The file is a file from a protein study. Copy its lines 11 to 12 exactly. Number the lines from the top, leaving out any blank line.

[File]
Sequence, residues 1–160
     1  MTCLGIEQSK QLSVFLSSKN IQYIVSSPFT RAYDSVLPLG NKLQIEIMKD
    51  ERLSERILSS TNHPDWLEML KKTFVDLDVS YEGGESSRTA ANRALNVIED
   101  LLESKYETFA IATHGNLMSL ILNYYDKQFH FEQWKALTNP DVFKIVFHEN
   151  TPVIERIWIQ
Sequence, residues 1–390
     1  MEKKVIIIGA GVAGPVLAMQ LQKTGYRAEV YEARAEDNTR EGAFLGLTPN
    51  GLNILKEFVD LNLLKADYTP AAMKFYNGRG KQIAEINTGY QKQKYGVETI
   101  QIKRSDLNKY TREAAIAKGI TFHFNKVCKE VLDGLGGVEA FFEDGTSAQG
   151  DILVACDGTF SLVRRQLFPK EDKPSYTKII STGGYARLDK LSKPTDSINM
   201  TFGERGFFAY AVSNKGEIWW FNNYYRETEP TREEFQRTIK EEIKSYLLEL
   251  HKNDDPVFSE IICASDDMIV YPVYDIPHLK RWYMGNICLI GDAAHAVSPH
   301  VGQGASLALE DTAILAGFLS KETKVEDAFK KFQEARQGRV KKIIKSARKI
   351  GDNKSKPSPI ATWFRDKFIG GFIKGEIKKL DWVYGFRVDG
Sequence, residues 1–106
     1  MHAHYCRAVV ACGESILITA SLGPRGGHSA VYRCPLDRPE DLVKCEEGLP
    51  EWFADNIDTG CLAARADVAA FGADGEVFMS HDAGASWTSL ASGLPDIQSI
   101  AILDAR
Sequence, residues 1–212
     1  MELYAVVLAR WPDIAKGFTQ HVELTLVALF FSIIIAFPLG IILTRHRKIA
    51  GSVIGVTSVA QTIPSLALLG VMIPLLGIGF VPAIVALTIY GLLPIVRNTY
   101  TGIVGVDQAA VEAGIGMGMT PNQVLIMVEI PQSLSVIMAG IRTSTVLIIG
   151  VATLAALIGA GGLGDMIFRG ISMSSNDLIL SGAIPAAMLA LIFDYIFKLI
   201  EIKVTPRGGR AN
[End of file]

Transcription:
   201  TFGERGFFAY AVSNKGEIWW FNNYYRETEP TREEFQRTIK EEIKSYLLEL
   251  HKNDDPVFSE IICASDDMIV YPVYDIPHLK RWYMGNICLI GDAAHAVSPH